There is a growing concern over the intolerance shown conservative students and groups on our campuses. The latest such incident occurred at Seattle University School of Law where a debate was planned on immigration with both liberal and conservative views represented. That would seem precisely the type of exchange that law schools relish. However, students protested that one of the sponsors was the conservative Federalist Society. Over a couple hundred people signed a Change.org petition asking the school to cancel the Oct. 16th debate. The debate was scheduled to be part of the school’s “Social Justice Monday” series and was co-hosted by the school’s Access to Justice Institute. The law school eventually withdrew as a sponsor due to the protests from students.
Destinee Evers, a second-year law student, objected that “Our school does a lot of work in its recruitment and its programming trying to support students in marginalized communities . . . [and] we would be potentially supporting an event that would create dialogue that might make some of those students unsafe or unwelcome.”
Of course, dialogue is usually a positive thing. Indeed, it is what higher education seeks to foster, particularly between diametrically opposed views or values. Some of us still believe that students should consider opposing views even when those views many cause them discomfort or displeasure. Such exposure deepens one’s understanding of contemporary controversies and, yes, people of different backgrounds and values. This is why the University of Chicago has correctly informed its incoming students that they will not be protected from unpleasant or unwelcomed views. Indeed, the university promised to foster such debates.
Federalist Society chapter president Thomas Reinhard has said that, after the petition, the law school’s ATJI withdrew as a sponsor for the debate. The law school has drawn the distinction that it never withdrew support for the debate since it is still allowed at the school as sponsored by an organization but ATJI has formally withdrawn as a sponsor.
Dean Annette Clark sent an email to students that said the school “miscalculated and erred” in its co-sponsorship. He noted that the event will still be held but with only the Federalist Society as the sole sponsor. Clark then took the Trump Administration to task for seeking to rescind DAVA and said that the Administration had
“generated great fear within vulnerable immigrant communities and has caused real harm, making discussions of immigration policy that include a conservative viewpoint even more painful and anxiety- and anger-producing for those individuals and families who are at risk (and for their allies). In other words, we should have taken into account the historical moment in which this program was going to be presented as a Social Justice Monday and what that would mean to marginalized individuals in our community.”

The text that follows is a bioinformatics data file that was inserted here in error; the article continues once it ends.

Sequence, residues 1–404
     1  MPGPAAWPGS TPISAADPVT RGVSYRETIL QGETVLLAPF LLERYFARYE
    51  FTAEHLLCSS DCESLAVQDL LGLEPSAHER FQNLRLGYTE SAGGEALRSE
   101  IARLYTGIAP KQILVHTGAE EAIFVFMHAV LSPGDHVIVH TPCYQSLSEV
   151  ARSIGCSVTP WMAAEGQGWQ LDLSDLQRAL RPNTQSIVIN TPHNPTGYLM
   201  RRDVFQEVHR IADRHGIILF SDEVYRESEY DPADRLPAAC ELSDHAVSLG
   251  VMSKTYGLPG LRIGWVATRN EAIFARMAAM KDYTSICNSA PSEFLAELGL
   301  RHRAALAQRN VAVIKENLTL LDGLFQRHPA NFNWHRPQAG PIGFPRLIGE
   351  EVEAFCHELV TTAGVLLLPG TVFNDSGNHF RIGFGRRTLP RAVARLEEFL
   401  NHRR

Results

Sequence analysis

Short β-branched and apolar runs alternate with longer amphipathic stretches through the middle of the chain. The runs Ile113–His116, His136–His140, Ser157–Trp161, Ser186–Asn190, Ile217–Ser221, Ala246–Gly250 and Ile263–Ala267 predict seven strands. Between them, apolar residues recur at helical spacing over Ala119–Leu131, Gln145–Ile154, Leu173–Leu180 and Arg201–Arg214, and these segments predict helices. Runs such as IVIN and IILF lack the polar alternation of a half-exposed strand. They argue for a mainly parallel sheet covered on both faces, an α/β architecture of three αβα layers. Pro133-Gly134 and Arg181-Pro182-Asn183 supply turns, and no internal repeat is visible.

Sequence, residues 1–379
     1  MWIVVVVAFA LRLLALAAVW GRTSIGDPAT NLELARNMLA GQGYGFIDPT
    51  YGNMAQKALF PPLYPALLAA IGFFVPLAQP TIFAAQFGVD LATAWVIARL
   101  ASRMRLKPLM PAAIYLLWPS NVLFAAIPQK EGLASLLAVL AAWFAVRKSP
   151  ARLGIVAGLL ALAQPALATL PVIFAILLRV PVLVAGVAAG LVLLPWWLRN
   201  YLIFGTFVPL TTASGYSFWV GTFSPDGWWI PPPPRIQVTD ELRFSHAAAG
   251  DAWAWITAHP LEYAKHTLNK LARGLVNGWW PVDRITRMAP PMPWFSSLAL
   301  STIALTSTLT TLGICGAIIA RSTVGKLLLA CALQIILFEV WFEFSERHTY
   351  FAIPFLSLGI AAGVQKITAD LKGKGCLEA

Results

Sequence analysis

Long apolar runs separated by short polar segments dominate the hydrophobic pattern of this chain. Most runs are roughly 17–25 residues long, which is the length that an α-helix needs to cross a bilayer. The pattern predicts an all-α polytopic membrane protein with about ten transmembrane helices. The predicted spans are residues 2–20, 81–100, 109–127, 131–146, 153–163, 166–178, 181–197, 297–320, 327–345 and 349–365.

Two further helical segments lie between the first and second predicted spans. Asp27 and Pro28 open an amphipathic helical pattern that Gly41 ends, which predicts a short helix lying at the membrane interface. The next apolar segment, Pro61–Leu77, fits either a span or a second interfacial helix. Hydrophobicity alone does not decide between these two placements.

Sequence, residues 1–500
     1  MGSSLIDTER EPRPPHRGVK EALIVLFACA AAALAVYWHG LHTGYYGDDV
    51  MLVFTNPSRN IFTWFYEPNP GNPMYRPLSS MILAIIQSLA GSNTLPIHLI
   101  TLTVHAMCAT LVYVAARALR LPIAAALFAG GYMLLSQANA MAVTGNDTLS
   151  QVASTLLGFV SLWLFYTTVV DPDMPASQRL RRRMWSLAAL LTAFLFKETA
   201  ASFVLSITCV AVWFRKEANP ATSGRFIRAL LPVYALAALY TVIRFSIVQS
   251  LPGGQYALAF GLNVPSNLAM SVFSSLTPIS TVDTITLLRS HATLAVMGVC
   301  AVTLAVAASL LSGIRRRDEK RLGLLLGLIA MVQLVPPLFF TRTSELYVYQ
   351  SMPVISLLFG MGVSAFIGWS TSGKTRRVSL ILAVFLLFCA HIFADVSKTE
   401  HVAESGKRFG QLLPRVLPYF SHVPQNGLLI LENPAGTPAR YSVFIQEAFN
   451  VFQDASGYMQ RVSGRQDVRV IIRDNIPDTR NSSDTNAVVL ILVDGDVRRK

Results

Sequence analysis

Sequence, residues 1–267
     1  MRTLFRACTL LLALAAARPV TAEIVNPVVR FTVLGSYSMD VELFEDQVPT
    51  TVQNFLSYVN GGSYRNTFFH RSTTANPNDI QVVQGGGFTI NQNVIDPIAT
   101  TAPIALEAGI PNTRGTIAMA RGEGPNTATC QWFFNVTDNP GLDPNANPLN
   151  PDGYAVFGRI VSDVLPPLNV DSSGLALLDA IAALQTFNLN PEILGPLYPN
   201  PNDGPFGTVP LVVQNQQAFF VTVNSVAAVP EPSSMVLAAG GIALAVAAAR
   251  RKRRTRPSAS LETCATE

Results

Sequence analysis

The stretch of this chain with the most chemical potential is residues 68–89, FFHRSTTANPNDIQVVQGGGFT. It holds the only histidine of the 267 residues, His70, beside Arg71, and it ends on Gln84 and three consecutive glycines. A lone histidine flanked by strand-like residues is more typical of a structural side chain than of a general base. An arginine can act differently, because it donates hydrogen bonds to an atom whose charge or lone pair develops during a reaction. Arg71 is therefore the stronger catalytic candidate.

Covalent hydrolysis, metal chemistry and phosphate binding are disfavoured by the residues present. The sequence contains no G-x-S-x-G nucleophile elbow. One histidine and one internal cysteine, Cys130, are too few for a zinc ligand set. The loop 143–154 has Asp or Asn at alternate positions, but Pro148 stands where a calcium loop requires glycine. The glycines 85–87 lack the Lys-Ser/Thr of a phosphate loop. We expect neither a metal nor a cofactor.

Clark added that “because Social Justice Mondays have traditionally been led by the voices of marginalized students, we should have included them in discussions about why we felt this program was appropriate to be under the auspices of a Social Justice Monday, and we should have reached a decision about its appropriateness together.”
The debate was supposed to include Tahmina Watson of Watson Immigration Law, Seattle, who later also withdrew from participation. Nevertheless, the panel will now include Stuart Verdery of the Monument Policy Group and former counsel to Sen. Orrin Hatch (R-Utah). He will be joined by Matt Adams, Legal Director of Northwest Immigrant Rights Project, which provides legal services and advocacy on behalf of immigrants. Notably, both Verdery and Adams support eventual citizenship for DACA recipients.
I fail to see the basis for the withdrawal of the sponsorship as well as the apology by Clark for the holding of a balanced debate on an issue for great national importance. The debate reflects precisely the mission of higher education to encourage debates on issues that divide our country. It is therefore troubling to read a dean apologizing for sponsoring an exchange of ideas and agreeing that the decision to “include a conservative viewpoint” causes “even more painful and anxiety- and anger-producing ” feelings among some students and families.” Immigration is an area that is highly personal and at times painful for some. We have a duty to approach the subject with respect and consideration for other members of our community. However, that does not mean silencing voices that some deem “anxiety- and anger-producing.”
What do you think?